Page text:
Given that little is known about the prevalence of, and factors associated with, liver fibrosis in the general population, we aimed to investigate this in a large, well-characterized cohort by means of transient elastography (TE). This study was part of the Rotterdam Study, a population-based study among individuals ≥45 years. All participants underwent abdominal ultrasound and TE. Liver stiffness measurement (LSM) ≥8.0 kilopascals (kPa) was used as a cutoff suggesting clinically relevant fibrosis. Of 3,041 participants (age, 66.0 ± 7.6 years) with reliable LSM, 169 (5.6%) participants had LSM ≥8.0 kPa. Age (odds ratio [OR]: 2.40; 95% confidence interval [CI]: 1.72-3.36; P < 0.001), alanine aminotransferase (ALT; OR, 1.24; 95% CI: 1.12-1.38; P < 0.001), smoking (OR, 1.77; 95% CI: 1.16-2.70; P = 0.008), spleen size (OR, 1.23; 95% CI: 1.09-1.40; P = 0.001), hepatitis B surface antigen, or anti-hepatitis C virus positivity (OR, 5.38; 95% CI: 1.60-18.0; P = 0.006), and combined presence of diabetes mellitus (DM) and steatosis (OR, 5.20; 95% CI: 3.01-8.98; P < 0.001 for combined presence) were associated with LSM ≥8.0 kPa in multivariable analyses. The adjusted predicted probability of LSM ≥8.0 kPa increased per age decade, with probabilities ranging from 1.4% (0.9-3.6) in participants ages 50-60 years to 9.9% (6.8-14.5) in participants >80 years. Participants with both DM and steatosis had the highest probabilities of LSM ≥8.0 kPa (overall probability: 17.2% [12.5-23.4]; this probability did not increase with age [P = 0.8]).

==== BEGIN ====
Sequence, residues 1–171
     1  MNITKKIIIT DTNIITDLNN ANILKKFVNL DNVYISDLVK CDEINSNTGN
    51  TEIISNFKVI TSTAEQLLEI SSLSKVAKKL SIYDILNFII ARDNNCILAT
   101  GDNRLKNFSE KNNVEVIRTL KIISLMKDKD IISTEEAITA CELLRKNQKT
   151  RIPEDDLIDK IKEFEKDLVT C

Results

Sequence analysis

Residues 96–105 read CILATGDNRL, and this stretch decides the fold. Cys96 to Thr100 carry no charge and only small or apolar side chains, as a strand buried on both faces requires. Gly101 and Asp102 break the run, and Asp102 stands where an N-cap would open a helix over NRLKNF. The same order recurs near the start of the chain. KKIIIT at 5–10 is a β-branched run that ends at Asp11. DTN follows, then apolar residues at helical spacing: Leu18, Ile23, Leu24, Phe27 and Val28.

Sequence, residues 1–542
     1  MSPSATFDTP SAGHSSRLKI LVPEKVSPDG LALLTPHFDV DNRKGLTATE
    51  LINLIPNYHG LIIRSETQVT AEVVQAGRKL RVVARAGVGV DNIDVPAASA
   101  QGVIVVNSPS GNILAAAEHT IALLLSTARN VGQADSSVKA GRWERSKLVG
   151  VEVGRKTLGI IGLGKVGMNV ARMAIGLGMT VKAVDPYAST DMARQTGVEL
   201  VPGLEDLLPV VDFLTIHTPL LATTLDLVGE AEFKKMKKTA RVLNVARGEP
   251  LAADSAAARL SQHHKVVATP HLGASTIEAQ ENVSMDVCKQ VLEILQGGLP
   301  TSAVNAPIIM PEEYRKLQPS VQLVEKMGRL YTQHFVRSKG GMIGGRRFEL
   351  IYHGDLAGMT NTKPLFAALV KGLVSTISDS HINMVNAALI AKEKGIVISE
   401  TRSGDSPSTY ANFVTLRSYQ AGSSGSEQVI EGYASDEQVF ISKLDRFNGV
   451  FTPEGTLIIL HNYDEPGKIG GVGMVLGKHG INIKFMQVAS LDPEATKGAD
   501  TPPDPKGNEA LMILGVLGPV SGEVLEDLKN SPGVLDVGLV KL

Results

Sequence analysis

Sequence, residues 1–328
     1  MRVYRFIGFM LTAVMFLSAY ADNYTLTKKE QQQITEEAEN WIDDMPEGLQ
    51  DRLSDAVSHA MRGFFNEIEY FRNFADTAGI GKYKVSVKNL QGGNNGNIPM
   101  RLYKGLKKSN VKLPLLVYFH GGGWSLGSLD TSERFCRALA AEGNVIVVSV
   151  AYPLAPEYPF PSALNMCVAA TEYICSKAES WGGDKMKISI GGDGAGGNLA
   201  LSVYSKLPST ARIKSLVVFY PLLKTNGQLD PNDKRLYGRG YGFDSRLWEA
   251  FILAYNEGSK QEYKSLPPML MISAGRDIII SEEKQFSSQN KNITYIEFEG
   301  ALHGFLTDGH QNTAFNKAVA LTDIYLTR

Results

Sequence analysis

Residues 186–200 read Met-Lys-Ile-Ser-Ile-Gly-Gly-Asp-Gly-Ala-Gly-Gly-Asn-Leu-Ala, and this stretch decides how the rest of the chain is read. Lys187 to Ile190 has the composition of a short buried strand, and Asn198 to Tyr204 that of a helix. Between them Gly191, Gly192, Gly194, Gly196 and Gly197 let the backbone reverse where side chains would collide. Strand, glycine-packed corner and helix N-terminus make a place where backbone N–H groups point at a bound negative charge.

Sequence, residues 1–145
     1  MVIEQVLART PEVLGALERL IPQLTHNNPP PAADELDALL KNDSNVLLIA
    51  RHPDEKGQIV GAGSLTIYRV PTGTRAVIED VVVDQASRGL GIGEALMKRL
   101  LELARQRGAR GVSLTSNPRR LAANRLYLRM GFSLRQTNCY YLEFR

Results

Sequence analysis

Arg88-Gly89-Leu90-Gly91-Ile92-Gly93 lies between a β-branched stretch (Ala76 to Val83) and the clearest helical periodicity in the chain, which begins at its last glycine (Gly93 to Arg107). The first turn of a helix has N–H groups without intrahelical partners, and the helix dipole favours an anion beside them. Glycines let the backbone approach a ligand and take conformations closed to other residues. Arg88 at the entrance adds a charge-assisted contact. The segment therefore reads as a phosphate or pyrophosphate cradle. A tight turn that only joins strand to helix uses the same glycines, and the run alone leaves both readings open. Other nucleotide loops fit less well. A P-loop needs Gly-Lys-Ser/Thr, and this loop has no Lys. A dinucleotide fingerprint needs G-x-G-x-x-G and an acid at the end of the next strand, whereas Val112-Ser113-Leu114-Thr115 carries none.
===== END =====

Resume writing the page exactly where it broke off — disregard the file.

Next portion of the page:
Conclusion: In this large population-based study of older adults, LSM ≥8.0 kPa, suggestive of clinically relevant fibrosis, was present in 5.6% and was strongly associated with steatosis and DM. In the context of an aging population and an increased prevalence of DM and obesity, this study illustrates that liver fibrosis may become a more prominent public health issue in the near future.
© 2015 by the American Association for the Study of Liver Diseases.